Miss Cuddlywumps reviews Black Cat’s Legacy by Elaine Faber
Black Cat’s Legacy is, as the cover suggests, “a tale of intrigue and murder.” The story begins with the recently divorced Kimberlee Larsen driving through Northern California on her way to Oregon. She’s taking her young daughter, Amanda, to have some fun in Safari Land, but some car trouble lands them instead in a place called Fern Lake—a place that turns out to be filled with memories, and nightmares, from Kimberlee’s past.
Soon enough, Kimberlee and Amanda are staying in a cabin at Herman’s Motor Lodge. In the cabin next door is a good-looking author of true-crime books, Brett Clarke, in town to research a 25-year-old murder case that could be the subject of his next book. Brett has an eye for the ladies and seems to be on the make whenever a woman walks into his vicinity—that’s certainly the way he strikes Kimberlee at first. But under that shell is a man longing for a family, and Kimberlee and Amanda look perfect to him. Trouble is, he’s digging into the murder of Kimberlee’s father, and Kimberlee has never been told how her father died. Will they be able to uncover the truth, and what might that truth mean for Kimberlee?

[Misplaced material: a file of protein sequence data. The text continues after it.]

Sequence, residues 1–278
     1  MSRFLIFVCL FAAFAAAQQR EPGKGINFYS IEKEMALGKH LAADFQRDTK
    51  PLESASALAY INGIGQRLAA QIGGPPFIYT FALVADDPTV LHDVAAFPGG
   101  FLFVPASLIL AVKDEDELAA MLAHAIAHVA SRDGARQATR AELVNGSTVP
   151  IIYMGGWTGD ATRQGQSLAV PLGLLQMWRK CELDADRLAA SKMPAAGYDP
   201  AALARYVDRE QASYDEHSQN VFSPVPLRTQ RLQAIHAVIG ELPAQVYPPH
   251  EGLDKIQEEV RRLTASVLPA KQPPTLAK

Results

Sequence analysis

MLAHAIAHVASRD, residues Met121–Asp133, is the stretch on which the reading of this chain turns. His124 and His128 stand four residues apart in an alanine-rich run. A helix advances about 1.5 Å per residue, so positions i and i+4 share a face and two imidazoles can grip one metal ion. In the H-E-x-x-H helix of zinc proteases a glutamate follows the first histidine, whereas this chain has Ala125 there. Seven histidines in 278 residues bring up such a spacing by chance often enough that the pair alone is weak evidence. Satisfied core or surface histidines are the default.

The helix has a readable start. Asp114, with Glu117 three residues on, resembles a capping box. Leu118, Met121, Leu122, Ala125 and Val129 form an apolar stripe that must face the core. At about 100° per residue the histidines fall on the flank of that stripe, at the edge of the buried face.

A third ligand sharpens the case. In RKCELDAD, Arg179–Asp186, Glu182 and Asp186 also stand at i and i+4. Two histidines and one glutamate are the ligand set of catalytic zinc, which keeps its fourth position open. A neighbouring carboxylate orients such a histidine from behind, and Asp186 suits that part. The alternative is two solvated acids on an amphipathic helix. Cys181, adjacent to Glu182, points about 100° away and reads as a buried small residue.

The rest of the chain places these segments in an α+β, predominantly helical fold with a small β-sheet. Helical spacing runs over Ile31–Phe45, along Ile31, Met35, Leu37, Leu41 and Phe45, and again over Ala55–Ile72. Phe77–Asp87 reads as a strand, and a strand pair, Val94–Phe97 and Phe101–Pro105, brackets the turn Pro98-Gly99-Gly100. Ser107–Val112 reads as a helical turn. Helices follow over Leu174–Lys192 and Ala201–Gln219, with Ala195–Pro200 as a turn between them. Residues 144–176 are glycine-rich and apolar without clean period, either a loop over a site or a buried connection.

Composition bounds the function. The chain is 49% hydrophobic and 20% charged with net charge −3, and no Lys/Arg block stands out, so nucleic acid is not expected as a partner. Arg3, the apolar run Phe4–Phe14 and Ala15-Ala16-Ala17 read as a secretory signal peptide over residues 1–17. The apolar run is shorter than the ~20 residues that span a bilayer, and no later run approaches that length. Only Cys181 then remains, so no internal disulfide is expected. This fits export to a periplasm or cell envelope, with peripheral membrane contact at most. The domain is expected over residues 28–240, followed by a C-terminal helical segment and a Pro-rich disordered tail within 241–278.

The black cat of the title is a black-and-white feline with six toes on each paw. He lives around the motor lodge and is called Black Cat by the owner and manager, though Amanda quickly names him Thumper. There’s always been a Black Cat on the premises—in fact, Kimberlee remembers one from her childhood—and the current cat is a descendent of all those others. But Thumper is not only a descendent; he can also tap into the memories of his ancestors, just as though they were his own memories. It is those memories that help Thumper fulfill his legacy and point the humans toward clues that are crucial in solving the case.
We thought the concept of a cat experiencing his ancestors’ memories was the best part of Black Cat’s Legacy. Such a fascinating possibility… We loved the idea of Thumper accessing his great-great-grandfather’s memories. We also loved the basic story line: the adult daughter coming unexpectedly to the home of her earliest childhood, where she confronts the truth about what happened to her father. That said, we also thought there could have been more tension and uncertainty in the plot and that the characters could have been more thoroughly fleshed out. The story often feels a little wooden and doesn’t have the ring of truth that keeps us turning pages. Also, the presence of several typos detracted from the reading experience.
All in all,